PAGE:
Work From Home UK
A home workers guide to starting a home based business
Research on how to be your own boss

work from home based business

 

The Non-Meat Butcher

You don’t have to be an out and out vegetarian to be interested in meat substitutes. Many meat eaters are also looking for ways in which they can eat more healthily (while still getting their ‘fix’) and it’s for that reason that a vegetarian butcher starts to make sense.

The first vegetarian butcher, specialising in a wide range of meat substitutes like Soya, Tofu and Lupin (yes Lupin!) opened it’s doors in The Hague, Holland recently.  The target market is both vegetarians, and upmarket consumers who have decided for health reasons to substitute at least some of their meat eating for an alternative -–and are prepared to pay a premium price to do it.

Could this take off in the UK? I’m just not sure at the moment, but it’s a situation worth keeping an eye on. It wouldn’t surprise me at all to see a small chain of vegetarian butchers operating in upmarket areas of the UK within the next few years. It would delight me if it was one of our readers who made it happen.

The Lessons Of Page 99

It’s not so long ago that, if you’d written a book and wanted an opinion on it, the best you could do was hand it to a few friends or family members to see what they thought. Better than nothing, but it’s hardly an unbiased and representative sample of the market, now is it?

It’s with this problem in mind that a web based service called Page 99 was launched. The name of the service comes from the fact (which incidentally, is new to me) that when readers are scanning a book to decide whether to buy, they often flick to page 99 and base their decision on what they find there.

The site enables authors to upload page 99 of their book. Readers are then invited to go there and offer an unbiased opinion of whether what they’ve just read would persuade them to turn the page or buy the book. 

Number Plate Know-How

Did you know that car number plates are big business? Over the last 20 years, prices have risen steadily. The plate, AVH9, for example, cost £450 in the mid-80s and is now worth an estimated £4,700. Millions of pounds are spent each year on these unique and eternally popular status symbols.
 
Some people choose plates to match their initials or trade. Others buy so they can drop the year code and hide the age of a vehicle. Demand is high for low-cost numbers amongst less affluent drivers to add status and hide age.
 
The real beauty of personalised number plates lies with the prices people are prepared to pay for them. The person most likely to enjoy plates is you - the broker who’s going to make money from them! It’s a business that tends to weather any storm and actually works even better in a recession. Investors are looking at less volatile investments than stocks and shares.
 
Best Buy Plates
 
Having a personalised plate doesn’t guarantee profits. Plates that are most likely to rise fast in price are those with common initials relating to names and trades. Those with, say, JW (for John Williams, Jack Wilson etc) and LOT (for an auctioneer etc) are your best buys.
 
A plate bearing letters OF is likely to represent more names in the average telephone directory than UYK. So OF 1 would set you back about £16,750 while UYK 1 costs just £2,700. If a personalised plate has a low prefix number such as 1, that’s even better. As a rule, the lower the number, the higher the price.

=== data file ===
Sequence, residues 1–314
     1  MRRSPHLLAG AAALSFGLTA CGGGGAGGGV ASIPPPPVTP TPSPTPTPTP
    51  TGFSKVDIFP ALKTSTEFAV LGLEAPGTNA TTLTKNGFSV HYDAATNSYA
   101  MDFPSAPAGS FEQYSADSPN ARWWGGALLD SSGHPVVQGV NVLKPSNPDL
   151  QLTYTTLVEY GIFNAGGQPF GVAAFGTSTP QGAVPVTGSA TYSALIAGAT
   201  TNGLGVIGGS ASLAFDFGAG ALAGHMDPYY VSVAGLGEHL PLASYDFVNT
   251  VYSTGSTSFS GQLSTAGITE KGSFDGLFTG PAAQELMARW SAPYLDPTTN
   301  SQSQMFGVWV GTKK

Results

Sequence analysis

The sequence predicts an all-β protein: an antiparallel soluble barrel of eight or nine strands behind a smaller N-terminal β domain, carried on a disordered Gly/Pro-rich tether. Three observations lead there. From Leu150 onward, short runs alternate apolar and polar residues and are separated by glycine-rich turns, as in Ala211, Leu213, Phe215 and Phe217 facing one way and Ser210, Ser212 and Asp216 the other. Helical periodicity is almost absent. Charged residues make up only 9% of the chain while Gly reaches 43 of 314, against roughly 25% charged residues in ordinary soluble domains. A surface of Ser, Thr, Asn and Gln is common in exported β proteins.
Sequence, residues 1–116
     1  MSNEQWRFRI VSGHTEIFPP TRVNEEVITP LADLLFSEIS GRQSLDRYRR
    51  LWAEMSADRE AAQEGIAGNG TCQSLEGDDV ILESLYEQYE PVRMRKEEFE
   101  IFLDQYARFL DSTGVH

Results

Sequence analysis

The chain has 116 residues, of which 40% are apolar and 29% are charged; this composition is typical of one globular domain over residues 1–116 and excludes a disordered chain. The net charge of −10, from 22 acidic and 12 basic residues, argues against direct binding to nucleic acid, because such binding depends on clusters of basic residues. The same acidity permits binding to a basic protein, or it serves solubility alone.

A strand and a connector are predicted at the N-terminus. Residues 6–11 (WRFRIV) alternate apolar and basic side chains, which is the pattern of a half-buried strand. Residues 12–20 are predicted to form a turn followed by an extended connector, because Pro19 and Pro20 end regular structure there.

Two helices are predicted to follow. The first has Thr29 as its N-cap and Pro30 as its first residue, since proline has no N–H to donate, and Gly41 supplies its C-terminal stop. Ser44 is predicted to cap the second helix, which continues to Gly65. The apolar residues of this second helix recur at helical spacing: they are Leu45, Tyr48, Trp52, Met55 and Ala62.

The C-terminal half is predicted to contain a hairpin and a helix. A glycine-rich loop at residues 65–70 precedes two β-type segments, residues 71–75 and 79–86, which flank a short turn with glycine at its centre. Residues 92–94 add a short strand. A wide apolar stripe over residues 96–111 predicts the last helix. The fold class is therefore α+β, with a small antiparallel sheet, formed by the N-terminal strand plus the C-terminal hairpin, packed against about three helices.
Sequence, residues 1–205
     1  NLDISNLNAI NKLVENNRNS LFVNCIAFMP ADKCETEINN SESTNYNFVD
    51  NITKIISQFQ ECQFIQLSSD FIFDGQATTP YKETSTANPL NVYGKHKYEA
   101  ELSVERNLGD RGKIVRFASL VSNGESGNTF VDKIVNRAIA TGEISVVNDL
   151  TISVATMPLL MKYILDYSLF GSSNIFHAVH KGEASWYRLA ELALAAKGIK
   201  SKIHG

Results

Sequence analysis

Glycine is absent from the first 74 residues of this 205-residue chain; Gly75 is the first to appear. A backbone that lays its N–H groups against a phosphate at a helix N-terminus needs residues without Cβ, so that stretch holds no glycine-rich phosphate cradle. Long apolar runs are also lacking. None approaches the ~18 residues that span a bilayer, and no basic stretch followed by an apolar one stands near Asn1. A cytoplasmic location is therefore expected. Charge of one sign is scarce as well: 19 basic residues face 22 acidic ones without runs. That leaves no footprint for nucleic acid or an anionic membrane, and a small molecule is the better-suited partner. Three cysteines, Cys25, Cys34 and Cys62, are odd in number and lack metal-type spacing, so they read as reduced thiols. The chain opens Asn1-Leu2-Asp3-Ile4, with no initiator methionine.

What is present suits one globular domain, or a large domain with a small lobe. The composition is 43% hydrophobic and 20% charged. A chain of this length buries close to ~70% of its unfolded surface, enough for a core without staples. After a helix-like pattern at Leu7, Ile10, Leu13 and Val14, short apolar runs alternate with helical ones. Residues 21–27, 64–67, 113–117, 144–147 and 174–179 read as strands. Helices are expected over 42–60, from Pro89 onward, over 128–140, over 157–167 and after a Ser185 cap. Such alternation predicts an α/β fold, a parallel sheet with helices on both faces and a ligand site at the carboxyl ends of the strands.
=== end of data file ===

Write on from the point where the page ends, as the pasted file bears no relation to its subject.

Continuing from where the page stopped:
Be warned - not all plates appreciate quickly. Some investments can even fall in value, sometimes significantly. Those most likely to fall are those quirky letter and number combinations chosen more for fun and fad value than lasting appeal. For example, B10 USE – blouse, potentially.  Apart from specific letter and number combinations, rarity is a key factor of price
 
Be A Broker
 
A broker simply mediates between people wanting to buy and others with personalised number plates to sell. At its simplest, you offer someone else’s plates for sale in return for commission. Few sellers will actually turn down your offer as you might know someone who wouldn’t otherwise see their advertising. You could make the difference between selling and not selling.
 
In practice, several other brokers could be offering the exact same plate. One broker may allow others to market the plate for a percentage of the commission passed between the plate owner and principal broker. Once you get this business going, it could expand rapidly with profits for all.
 
Here’s the big bonus. Unlike the independent car number plate dealer, the broker never has to purchase plates personally, nor the vehicles.  The broker is just in the middle, never holds stock and simply mediates between owner and buyer for a percentage.
 
Test The Market
 
Choose registrations from those you see advertised in mags like Exchange & Mart etc. There are page after page of ads so you have plenty to choose from. Go for those with common initials like B, C, H, M, N, R, S and P.  Avoid awkward letters like U, Q, X and Z.
 
Now, you have to match registrations with potential buyers, focusing on actual names or reflecting occupations, special interests, etc. As examples, BOW 1 could be a great plate for dog lovers and actors used to taking a ‘bow’.  Advertise the plate in dog lovers’ magazines, target at dog breeders, vets etc. You could write to anyone with the initials BOW from listings in telephone directories and the electoral roll!
 
BET 1 would be great for turf accountants and gamblers, GUM 23 for dentists, and LOT 23 for auctioneers. You can trawl through ads and group similar dog-, vet-, gambler- and auctioneer-related plates together – this can be very effective. Interested? More to come soon!


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